Music and Everyday Life in the Eighteenth Century
Publication Year: 2017
Published by: University of Illinois Press
Half Title, Title Page, Copyright, Dedication
I am extremely grateful for all of the help I have received in researching and writing this book. First and foremost, I would like to thank the current and former scholars of the Bach Archive in Leipzig, especially Christoph Wolff, Hans-Joachim Schulze, Peter Wollny, Michael Maul, Manuel Bärwald, Andreas Glöckner, Christine Blanken, and Ulrich Leisinger. ...
A Note on Currency
Dozens of different currencies were used in the Holy Roman Empire during J. S. Bach’s lifetime. The most common large coins in Saxony and neighboring territories were reichstaler. It is impossible to offer accurate modern equivalents but a rough estimate would value one reichstaler at approximately US$100. ...
Late in the summer of 1977, Voyager I and II were launched from Cape Canaveral, Florida, on a mission to explore hitherto unknown reaches of the galaxy. Their cargo included not only equipment for collecting and transmitting scientific data, but also golden records intended to introduce any extraterrestrial life forms they might encounter to the cultures of planet Earth. ...
1. Civilizing Instruments
The denizens of J. S. Bach’s Germany wore galant boots, galant belt buckles, galant stockings, and galant velvet caps. They accessorized with galant embroidered handbags, galant silk scarves, galant pearl necklaces, and galant silver tobacco canisters.1 Restaurateurs proudly served galant ragouts, ...
2. The Mechanic and the Tax Collector
Sometime in 1750, a fifty-three-year-old tax collector named Johann Heinrich Heyne approached the door to Braunschweig’s Marstall 12. The house had been built in the fifteenth century and was of the Fachwerk variety, with wooden trusses visible in the plaster walls. Next door was a metal caster, and directly across the street was the Packhause, ...
3. A Silver Merchant’s Daughter
Buried deep in a thicket of eighteenth-century legal documents at the Leipzig City Archive lies a list of expenditures made by the daughter of a silver merchant.1 Twenty-year-old Christiane Sibÿlla Bose spent her money in 1732 on the following items: ...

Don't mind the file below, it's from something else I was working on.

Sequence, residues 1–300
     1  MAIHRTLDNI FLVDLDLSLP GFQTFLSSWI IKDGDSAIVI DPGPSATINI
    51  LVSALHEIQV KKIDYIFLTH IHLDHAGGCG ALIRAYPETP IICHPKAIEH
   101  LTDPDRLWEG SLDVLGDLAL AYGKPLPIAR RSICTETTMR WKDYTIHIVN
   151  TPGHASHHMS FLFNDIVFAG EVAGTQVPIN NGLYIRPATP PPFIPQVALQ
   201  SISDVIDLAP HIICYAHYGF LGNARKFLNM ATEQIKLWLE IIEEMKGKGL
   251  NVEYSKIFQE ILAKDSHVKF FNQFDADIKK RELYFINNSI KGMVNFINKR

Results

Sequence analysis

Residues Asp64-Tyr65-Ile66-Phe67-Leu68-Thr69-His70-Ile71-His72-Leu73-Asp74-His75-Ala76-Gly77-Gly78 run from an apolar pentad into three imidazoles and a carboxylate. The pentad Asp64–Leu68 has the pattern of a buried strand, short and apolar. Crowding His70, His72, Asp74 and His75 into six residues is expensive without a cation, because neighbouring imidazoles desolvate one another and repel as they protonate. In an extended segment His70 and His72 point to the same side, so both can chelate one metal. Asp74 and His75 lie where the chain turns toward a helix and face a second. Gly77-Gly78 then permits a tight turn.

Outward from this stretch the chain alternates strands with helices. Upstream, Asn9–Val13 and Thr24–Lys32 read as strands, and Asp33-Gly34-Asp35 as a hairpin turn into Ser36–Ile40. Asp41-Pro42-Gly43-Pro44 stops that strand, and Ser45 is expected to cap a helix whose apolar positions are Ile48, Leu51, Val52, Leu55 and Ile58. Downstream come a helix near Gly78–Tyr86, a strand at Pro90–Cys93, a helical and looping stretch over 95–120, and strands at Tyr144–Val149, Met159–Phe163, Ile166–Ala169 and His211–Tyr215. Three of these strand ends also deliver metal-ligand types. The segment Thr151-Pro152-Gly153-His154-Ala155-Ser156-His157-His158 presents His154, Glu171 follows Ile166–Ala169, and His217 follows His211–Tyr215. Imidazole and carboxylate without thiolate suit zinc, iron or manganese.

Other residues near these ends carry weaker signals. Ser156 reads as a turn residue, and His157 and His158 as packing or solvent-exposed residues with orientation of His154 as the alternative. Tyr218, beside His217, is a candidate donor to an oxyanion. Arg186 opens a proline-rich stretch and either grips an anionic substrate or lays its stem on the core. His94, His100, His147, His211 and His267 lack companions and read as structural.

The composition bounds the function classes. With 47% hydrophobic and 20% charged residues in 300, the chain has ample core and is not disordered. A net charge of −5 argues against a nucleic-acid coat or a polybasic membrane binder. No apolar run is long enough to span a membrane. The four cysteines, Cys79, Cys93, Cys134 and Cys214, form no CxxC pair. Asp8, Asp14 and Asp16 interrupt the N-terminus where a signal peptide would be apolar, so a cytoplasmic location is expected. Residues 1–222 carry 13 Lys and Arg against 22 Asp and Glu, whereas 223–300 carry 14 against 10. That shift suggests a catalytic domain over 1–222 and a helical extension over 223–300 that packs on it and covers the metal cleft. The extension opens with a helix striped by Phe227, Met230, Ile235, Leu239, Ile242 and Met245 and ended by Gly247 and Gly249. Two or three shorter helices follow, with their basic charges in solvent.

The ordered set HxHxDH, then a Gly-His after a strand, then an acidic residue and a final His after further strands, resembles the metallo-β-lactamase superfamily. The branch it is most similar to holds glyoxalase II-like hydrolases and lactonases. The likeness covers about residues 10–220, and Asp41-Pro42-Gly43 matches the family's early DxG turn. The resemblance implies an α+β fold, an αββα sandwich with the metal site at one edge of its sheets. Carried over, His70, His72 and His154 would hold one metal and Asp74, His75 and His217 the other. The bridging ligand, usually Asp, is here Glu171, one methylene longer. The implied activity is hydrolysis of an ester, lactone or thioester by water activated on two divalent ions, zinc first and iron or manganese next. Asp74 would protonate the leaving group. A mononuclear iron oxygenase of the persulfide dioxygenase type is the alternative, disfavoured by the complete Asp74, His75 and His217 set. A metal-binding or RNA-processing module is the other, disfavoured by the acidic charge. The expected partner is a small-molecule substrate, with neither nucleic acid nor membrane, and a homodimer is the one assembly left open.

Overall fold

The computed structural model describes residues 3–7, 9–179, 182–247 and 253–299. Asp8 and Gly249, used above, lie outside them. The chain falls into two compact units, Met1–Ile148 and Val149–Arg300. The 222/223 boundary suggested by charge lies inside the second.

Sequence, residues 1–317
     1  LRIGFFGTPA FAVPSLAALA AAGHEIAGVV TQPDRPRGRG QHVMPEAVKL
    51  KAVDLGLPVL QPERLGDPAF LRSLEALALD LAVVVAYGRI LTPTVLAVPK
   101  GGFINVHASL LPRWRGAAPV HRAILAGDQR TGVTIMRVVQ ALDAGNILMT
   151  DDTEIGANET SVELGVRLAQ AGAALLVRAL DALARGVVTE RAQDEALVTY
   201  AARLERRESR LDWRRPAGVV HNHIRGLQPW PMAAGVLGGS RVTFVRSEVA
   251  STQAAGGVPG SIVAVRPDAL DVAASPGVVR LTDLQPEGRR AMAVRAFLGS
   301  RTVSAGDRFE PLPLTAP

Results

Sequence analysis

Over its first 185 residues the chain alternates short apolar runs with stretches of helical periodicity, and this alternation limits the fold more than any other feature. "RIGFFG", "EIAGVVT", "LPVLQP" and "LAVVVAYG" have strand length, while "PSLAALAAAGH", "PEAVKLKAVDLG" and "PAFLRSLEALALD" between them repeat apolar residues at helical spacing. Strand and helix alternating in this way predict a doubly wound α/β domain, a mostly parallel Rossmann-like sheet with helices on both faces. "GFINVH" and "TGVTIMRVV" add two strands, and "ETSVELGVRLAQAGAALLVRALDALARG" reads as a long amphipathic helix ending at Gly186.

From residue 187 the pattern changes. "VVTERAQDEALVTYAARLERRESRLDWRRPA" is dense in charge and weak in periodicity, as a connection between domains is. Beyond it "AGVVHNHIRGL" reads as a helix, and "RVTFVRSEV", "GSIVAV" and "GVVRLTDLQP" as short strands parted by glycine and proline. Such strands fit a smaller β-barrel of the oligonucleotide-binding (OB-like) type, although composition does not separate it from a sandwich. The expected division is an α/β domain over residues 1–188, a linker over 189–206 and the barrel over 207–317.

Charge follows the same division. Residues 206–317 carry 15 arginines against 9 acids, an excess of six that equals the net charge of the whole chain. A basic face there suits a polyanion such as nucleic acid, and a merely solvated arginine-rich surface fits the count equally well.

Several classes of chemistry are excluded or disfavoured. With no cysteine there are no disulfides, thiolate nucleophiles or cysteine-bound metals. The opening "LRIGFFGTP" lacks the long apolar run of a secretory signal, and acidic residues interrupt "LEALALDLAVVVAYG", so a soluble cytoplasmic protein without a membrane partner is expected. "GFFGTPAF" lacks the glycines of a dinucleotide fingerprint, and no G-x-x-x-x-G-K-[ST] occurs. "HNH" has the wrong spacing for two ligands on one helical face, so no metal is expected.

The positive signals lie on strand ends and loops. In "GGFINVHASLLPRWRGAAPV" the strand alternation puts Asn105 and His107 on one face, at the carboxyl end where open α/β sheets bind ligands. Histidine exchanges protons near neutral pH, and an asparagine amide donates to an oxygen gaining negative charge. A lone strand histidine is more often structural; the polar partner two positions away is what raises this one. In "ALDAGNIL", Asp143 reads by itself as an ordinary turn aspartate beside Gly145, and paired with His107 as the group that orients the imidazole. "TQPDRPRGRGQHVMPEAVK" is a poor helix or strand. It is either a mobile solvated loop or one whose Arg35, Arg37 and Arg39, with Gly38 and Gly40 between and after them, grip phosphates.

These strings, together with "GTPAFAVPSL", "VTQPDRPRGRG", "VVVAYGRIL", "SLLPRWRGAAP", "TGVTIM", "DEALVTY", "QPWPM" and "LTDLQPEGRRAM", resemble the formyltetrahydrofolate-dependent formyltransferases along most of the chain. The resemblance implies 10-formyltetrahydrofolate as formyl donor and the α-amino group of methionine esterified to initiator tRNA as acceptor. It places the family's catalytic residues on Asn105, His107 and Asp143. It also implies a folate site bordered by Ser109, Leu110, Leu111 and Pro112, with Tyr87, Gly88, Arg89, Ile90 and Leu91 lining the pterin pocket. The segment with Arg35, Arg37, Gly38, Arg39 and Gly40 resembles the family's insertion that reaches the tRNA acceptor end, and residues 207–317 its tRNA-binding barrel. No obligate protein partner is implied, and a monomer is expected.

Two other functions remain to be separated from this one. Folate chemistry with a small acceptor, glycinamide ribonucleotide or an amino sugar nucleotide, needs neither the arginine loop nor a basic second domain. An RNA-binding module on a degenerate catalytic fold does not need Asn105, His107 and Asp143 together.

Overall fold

4. A Dark-Haired Dame and Her Scottish Admirer
In 1764 an aristocrat from Edinburgh, Scotland, named James Boswell undertook a grand tour of the European continent. He would later achieve literary immortality as the author of The Life of Samuel Johnson (1791), but at age twenty-four he showed little promise. ...
5. Two Teenage Countesses
In 1968, during renovations of a castle near Frankfurt, workers happened upon a mysterious wooden chest filled with approximately seven hundred manuscripts of eighteenth-century music. The collection was quickly traced to Johann Karl Ludwig Christian, Baron von Pretlack, a military officer and diplomat to whom the castle had once belonged. ...
6. A Marriage Rooted in Reason
Luise Adelgunde Victorie Gottsched (née Kulmus) was one of the most prolific and widely read writers and translators in J. S. Bach’s Germany. Her life and that of her husband, Johann Christoph Gottsched, are unusually well documented, as they were both subjects of avid attention from their contemporaries. ...
7. Male Amateur Keyboardists
– Do not carve your name into your tin dinner plate.
– Do not talk to anyone while playing with a knife.
– If you find a piece of coal or hair in your food, just put it to the side; don’t tell everyone at the table about it. ...
8. A Blacksmith’s Son
The archive of the Stralsund town council contains a 1,554-page autobiography handwritten by J. C. Müller, a local pastor.1 This document, which covers nearly all of the author’s fifty-two years, was prepared on the basis of lost diaries. Müller described in lavish and often astonishing detail his childhood, his university years, his time as a private tutor, ...
9. May God Protect This Beautiful Organ
On Sunday, November 9, 1721, the citizens of Rötha awoke with a keen sense of anticipation. Men whose backs hurt from harvesting beans and drying barley lit tallow candles that faintly sweetened the thick scent of damp hay in the air. They donned their best rockaleur cloaks and pants, untangled their powdered wigs, and pulled triangular hats from velvet ...
10. How Professional Musicians Were Compensated
Boys who dreamed of becoming organists, cantors, and kapellmeisters in eighteenth-century Germany often endured discouragement and even contempt from the authority figures in their lives. Johann August Ernesti, rector of Leipzig’s St. Thomas School and sworn enemy of J. S. Bach, liked to provoke pupils he found making music with the mocking question: ...
11. The Daily Life of an Organist
In an autobiography written not long before his death in 1859, the world-famous violinist and composer Louis Spohr described his early musical training as follows: ...
Music is not an object but rather a means by which human beings relate to one another. Its meaning can never be fixed because it is as complex and malleable as the personal relationships it helps to develop and define. J. S. Bach’s contemporaries, like people of all times and places, interpreted music in social terms, ...
About the Author
Page Count: 360
Illustrations: 16 color photographs, 3 charts, 8 music examples, 16 tables
Publication Year: 2017
OCLC Number: 958932479
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